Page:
Forest Fires & Climate Change: Burning Scientific Truths (Khan)

 

Anyone who has been paying attention to the news recently will have undoubtedly heard about the forest fire in Fort McMurry, Alberta. According to the CBC, the fire is estimated to have burned over 500,000 hectares and is still burning in some areas. The fire has also prompted the evacuation of close to 80,000 people in the area. There has been a major outpouring of support from around the country, and many people have been amazed by the sheer size of the blaze.

fire-mapPerimeter of the Fort McMurry fire as of May 24th 2016 (Source: Cbc)

This incident might make you wonder: what causes forest fires, and are they becoming more frequent?

Forest fires are like any other fire, in that they are dependent on three components to survive: a fuel source, a heat source or spark, and oxygen. According to Natural Resources Canada, there are thousands of fires across Canada each year, but only 3% of these grow to over 200 hectares in size. In the case of larger fires like the one in Alberta, conditions such as high temperatures and lack of precipitation have a huge impact on the spread of the fire. According to the Global and Mail, it is a combination of these factors that have allowed the Alberta fire to survive. Another important factor in the growth of fires is the direction and speed of the wind. Winds can often hamper efforts to stop a forest fire.

Once a fire has started, it is important to limit its growth and minimize the damage. One way to fight a forest fire is to douse the fire with ammonium polyphosphate. This complicated sounding chemical functions by creating a layer over flammable material and insulating it from the high temperatures of a fire. This lowers the temperature that the fire burns at, and reduces the fuel available for the fire to burn. In addition to this method, firefighters in Alberta are creating firebreaks to stop the forest fire. A firebreak is a clearing in combustible materials in the path of a fire.

plane

A plane dousing a California Wildfire with ammonium polyphosphate (Elaine Thompson/AP)

A fact to keep in mind is that Canada has almost 10% of the world’s forest areas so forest fires are a common issue. Forest fires are often thought of as natural calamities when they impact humans, but that does not mean that they are necessarily bad for the environment. Fires clear out old trees and bushes and allow for new trees to grow out. In fact, Natural Resources Canada often sets a number of prescribed fires each year to allow healthy growth of forest ecosystems.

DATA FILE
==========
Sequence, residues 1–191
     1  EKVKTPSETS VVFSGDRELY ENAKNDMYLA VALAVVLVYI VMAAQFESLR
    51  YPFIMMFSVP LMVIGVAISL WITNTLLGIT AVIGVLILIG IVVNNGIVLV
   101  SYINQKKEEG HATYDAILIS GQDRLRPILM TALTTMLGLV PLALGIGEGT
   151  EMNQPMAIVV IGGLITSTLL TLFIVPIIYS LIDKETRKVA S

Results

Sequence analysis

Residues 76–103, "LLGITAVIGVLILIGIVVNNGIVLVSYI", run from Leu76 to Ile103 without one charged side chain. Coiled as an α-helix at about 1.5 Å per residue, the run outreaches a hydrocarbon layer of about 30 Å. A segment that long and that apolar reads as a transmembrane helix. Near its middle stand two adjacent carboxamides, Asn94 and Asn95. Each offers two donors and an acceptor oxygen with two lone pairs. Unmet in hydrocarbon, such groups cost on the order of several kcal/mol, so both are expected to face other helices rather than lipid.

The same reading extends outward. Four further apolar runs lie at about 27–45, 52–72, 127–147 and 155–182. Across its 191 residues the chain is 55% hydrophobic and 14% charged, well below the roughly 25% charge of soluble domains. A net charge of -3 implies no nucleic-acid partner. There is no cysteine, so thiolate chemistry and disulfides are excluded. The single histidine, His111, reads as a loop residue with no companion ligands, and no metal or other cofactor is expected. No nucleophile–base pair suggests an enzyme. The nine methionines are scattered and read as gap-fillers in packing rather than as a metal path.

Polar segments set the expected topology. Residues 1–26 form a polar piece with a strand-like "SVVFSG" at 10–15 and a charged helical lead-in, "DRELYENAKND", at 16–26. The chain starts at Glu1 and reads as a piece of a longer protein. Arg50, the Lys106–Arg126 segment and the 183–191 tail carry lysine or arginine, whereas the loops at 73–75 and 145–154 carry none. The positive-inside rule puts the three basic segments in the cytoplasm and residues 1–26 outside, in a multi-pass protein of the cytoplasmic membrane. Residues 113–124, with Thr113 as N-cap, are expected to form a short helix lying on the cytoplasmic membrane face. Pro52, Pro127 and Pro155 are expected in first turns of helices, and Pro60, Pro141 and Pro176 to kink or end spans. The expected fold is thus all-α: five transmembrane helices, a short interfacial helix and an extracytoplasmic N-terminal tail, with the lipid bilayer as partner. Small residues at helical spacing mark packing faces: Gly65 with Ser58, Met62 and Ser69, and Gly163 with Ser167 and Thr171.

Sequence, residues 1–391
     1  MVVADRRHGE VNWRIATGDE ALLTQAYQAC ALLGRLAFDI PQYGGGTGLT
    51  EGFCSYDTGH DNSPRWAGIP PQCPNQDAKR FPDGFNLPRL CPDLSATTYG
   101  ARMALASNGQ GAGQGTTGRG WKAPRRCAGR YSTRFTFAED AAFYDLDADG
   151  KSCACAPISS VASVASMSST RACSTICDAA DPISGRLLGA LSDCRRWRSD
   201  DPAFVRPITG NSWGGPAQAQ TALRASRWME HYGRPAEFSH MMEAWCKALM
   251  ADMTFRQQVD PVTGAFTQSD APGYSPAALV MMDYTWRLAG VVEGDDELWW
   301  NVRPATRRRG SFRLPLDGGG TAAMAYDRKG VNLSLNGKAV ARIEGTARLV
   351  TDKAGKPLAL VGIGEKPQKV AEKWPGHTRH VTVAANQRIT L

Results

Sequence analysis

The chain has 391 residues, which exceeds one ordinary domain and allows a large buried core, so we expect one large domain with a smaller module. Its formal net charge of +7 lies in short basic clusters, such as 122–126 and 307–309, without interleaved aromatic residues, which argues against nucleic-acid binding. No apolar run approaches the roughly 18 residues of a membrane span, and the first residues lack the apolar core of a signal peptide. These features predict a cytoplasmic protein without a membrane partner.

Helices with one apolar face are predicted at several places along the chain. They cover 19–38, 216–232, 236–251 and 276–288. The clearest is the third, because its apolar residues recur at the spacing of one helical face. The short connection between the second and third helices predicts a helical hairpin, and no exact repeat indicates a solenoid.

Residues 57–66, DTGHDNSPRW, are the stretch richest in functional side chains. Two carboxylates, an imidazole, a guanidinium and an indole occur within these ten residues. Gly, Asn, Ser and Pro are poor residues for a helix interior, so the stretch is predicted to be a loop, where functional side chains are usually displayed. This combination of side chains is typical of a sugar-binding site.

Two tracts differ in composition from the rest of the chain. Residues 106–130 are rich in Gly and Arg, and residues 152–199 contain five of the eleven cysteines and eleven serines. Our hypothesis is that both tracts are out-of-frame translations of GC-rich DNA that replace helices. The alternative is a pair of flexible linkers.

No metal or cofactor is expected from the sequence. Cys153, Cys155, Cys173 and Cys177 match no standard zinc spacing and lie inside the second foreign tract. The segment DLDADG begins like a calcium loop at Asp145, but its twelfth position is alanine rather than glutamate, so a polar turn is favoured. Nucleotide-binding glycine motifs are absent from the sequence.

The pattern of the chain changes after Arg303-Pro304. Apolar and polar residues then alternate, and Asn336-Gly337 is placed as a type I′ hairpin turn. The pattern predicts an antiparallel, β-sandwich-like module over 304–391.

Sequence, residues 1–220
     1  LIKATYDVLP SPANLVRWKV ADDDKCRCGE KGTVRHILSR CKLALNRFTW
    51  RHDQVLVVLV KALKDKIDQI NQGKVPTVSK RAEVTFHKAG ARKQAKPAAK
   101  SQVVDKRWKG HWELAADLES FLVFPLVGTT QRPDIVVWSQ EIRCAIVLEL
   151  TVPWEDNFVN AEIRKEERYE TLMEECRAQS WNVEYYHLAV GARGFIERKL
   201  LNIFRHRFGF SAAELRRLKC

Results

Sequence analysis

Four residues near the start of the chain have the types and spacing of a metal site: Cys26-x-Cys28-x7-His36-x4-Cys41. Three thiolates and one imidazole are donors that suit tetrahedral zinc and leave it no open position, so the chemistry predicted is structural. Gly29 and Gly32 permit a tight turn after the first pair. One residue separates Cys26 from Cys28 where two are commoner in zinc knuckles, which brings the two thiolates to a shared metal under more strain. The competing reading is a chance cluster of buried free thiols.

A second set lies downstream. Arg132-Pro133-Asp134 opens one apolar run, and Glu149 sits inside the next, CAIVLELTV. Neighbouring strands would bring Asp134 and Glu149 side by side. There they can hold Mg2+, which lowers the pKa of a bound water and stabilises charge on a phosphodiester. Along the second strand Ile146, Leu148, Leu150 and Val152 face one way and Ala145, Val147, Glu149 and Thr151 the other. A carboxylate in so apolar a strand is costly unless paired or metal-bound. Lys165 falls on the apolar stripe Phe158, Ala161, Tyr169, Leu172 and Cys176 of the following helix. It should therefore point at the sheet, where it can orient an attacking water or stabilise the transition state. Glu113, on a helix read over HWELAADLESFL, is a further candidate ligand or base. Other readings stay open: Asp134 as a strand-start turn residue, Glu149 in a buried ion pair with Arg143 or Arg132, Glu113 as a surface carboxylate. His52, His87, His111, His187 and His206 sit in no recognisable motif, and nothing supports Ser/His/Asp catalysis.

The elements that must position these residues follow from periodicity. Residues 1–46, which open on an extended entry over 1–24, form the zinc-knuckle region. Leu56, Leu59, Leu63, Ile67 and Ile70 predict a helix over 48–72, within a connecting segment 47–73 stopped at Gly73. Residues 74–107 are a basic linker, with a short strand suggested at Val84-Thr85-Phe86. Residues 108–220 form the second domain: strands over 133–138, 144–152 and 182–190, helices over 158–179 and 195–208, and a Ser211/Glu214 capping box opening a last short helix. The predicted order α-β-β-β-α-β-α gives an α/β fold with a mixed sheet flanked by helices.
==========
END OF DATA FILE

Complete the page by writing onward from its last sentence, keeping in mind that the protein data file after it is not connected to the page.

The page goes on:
So are forest fires becoming more frequent? And is it a result of climate change?

Not exactly, fires today are not more frequent, but frequently more destructive. According to Natural Resource Canada, in 2014 the number of fires across Canada were down, but the area burned by fires across Canada had increased. Kerry Anderson, a fire research assistant with Natural Resource Canada says that more data needs to be collected and analyzed before a definitive link can be made between climate change and forest fires. What is known however is that climate change contributes to forest fires in two important ways:

  • Climate change has caused an increase in global temperatures and has disrupted the usual precipitation patterns. This has lead to increasingly hot and dry conditions which are more conducive to forest fires.

The government and local communities need to do more to protect citizens from the danger of forest fires. A FireSmart plan developed in response to the Slave Lake fire in 2011 has not been fully implemented by communities across Alberta; this plan needs to be reviewed to plan for future incidents. We are today in an era where climate change is finally being recognized as an important issue, but we need to work on adapting to a changing world in addition to trying to reduce emissions and limit climate change.

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